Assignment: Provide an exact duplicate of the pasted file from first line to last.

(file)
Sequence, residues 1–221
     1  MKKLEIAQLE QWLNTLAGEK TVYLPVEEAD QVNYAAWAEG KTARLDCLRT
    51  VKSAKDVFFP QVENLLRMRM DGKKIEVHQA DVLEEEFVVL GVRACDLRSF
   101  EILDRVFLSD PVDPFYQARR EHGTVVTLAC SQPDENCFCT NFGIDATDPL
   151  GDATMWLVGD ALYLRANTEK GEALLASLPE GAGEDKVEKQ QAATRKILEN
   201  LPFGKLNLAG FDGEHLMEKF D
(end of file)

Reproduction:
Sequence, residues 1–221
     1  MKKLEIAQLE QWLNTLAGEK TVYLPVEEAD QVNYAAWAEG KTARLDCLRT
    51  VKSAKDVFFP QVENLLRMRM DGKKIEVHQA DVLEEEFVVL GVRACDLRSF
   101  EILDRVFLSD PVDPFYQARR EHGTVVTLAC SQPDENCFCT NFGIDATDPL
   151  GDATMWLVGD ALYLRANTEK GEALLASLPE GAGEDKVEKQ QAATRKILEN
   201  LPFGKLNLAG FDGEHLMEKF D